Before I could indulge further, I glanced up to see Tim who led me through the middle of the office to the conference room. Instantly I could see that a lot of work had gone into the business with the funky and modern design of the office allowing it to be both comfortable to work in and practical. (In fact they invested £100,000 in the redevelopment of the office). I sat down to speak with Tim and we quickly got through preliminary matters.

Afterwards, I was walked around the office and got introduced to everybody and it quickly became apparent that everyone was extremely nice and laidback giving the office a very hardworking yet chilled out atmosphere. Although, it did take a couple of days to remember everyone’s names, especially considering there are three Tim’s, two Peters and two Richards!

Next, things began to kick into action and I was given my first job to complete. Over the course of my six week internship I was involved in many different activities including working with the technical team in database auditing, supporting the financial team through analysing sales, overhauling the CRM system into a more capable and accessible tool, assisting with the marketing through research and blogging, and I even worked with engineers to build computers.

Needless to say, I believe from the work I was allowed to be a part of I have gained not only some real knowledge and understanding of the IT sector but the notion that a hardworking and reliable work ethos really can help a business succeed – an idea that I will take into later life. I have seen several of the employees here at Axon miss multiple lunches because they are engrossed in their work, I on the other hand was introduced to Alan Partridge by the office which meant lunchtimes in the break out area were a must as he became a frequent highlight of my day!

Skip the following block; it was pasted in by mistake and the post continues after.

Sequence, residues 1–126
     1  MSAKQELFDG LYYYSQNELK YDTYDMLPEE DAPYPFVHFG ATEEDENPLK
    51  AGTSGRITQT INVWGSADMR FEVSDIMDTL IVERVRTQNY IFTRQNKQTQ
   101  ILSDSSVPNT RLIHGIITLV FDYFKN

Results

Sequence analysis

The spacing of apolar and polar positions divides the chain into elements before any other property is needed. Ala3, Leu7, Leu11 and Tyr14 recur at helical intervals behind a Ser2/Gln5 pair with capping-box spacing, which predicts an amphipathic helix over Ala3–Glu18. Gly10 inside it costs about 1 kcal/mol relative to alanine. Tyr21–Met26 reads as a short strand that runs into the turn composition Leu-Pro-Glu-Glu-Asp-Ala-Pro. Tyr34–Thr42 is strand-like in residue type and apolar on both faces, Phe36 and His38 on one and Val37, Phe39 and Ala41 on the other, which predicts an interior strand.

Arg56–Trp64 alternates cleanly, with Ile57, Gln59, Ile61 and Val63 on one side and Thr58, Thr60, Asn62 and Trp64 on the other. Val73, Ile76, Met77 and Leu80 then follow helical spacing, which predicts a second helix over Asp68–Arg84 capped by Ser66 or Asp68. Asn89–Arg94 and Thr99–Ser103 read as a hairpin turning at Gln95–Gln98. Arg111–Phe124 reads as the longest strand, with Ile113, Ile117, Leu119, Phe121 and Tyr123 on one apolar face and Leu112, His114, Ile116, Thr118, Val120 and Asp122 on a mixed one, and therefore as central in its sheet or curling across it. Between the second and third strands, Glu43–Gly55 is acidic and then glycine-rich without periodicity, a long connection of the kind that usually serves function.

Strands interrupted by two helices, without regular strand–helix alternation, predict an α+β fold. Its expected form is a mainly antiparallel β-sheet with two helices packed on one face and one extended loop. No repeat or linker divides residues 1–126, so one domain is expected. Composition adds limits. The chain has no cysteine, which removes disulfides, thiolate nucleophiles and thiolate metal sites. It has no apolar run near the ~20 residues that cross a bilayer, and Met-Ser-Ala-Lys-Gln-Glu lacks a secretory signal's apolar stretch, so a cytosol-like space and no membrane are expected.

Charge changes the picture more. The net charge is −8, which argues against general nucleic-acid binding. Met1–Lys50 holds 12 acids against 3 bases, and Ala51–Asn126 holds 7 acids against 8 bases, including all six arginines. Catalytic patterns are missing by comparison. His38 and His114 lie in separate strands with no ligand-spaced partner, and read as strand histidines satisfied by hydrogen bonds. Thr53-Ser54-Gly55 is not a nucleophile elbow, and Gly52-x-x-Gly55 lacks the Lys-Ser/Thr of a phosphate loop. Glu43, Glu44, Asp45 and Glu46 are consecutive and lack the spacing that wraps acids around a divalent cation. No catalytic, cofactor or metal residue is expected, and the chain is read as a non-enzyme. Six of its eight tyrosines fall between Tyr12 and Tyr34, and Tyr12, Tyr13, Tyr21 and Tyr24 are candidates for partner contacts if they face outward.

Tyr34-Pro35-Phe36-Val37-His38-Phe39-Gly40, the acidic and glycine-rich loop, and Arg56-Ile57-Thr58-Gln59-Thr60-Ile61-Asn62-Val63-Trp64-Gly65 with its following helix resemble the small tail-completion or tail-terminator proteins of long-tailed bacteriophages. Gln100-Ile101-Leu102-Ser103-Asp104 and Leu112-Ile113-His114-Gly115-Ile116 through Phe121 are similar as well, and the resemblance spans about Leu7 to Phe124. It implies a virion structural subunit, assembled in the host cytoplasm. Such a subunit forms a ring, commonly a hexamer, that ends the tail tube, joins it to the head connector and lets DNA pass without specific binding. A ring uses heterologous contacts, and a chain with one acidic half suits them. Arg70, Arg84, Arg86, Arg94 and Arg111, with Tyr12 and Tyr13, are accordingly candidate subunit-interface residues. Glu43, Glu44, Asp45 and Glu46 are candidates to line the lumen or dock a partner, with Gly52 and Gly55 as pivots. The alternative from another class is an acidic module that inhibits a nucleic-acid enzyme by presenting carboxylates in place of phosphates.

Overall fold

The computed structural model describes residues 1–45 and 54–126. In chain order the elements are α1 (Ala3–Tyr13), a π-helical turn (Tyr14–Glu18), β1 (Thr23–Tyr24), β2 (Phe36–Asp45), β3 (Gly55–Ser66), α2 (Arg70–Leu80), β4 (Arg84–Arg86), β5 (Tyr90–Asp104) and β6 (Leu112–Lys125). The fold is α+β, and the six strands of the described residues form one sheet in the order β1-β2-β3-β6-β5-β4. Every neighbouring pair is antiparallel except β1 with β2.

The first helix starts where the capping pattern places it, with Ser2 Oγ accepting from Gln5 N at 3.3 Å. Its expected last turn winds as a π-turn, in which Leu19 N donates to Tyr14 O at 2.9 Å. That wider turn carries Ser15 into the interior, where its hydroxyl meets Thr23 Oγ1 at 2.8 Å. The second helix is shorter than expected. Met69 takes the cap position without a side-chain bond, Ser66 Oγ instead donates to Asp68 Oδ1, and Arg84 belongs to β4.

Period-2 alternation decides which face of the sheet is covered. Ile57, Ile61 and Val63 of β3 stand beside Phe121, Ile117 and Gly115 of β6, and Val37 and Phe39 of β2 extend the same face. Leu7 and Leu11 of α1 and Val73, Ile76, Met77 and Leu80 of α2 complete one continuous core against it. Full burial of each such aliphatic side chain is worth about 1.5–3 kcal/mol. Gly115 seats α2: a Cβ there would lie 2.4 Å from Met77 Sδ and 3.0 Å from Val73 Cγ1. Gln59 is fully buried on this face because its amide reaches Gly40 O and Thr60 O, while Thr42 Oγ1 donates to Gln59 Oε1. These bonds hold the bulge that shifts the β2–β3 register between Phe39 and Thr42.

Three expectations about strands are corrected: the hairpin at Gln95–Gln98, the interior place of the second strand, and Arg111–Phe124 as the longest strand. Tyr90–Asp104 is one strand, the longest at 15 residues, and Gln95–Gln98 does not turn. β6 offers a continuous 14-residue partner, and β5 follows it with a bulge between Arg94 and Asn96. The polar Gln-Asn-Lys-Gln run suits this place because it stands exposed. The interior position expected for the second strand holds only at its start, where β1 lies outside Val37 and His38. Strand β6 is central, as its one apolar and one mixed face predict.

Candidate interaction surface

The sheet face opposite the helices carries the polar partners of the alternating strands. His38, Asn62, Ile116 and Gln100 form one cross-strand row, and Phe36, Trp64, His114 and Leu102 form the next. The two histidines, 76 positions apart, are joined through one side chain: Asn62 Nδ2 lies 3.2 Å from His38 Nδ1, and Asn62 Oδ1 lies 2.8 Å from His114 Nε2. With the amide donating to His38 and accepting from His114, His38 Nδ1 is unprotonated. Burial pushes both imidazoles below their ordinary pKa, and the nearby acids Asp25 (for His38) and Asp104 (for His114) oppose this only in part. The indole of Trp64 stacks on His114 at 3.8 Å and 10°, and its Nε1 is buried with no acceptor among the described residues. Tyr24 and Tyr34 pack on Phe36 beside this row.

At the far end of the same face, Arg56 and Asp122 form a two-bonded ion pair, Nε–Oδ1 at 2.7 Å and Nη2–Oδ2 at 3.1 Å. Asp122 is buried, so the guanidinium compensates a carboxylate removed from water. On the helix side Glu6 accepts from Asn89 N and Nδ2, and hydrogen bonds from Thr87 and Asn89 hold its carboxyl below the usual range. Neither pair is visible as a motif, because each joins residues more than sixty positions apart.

All in all, I have thoroughly enjoyed my experience at Axon and really do feel at home and if given the opportunity would love to come back.


Looking for cloud computing companies in Cheshire? So was Bob…

When it comes to cloud computing, we’ve got all of your business needs covered. Axon is the Macclesfield based cloud computing company, and we can help you make the leap from on-premise servers to the cloud, ensuring a hassle free transition.

If you are looking for a cloud computing company in the Cheshire or South Manchester area, get in touch with us here, or find out more about our cloud computing services here.



How to create a safe password

In today’s modern world everything is going digital, from the way you socialise to the way you run your business. Such a shift in culture has led to a monumental rise in the number of people using computers, tablets and phones, so much so that they have integrated themselves into our lives to a point where some people don’t see how they can live without their trusty gadgets.

With technology becoming such a crucial, intricate part of our lives there has never been a time where the need for virtual protection against hackers has been higher with billions upon billions of attacks on digital devices, products and services made by hackers each year.

Initially I imagine you might think “Well I will just buy myself some anti-virus software and make sure my firewall is turned on”, yet sometimes the problem is not the hackers ability to exploit a device, but the owners attitude towards protecting the device.

If you would like to take better responsibility for not only your computers but your online products and services that you are subscribed to then ask yourself, are my passwords safe?

Tips For Creating A Safe Password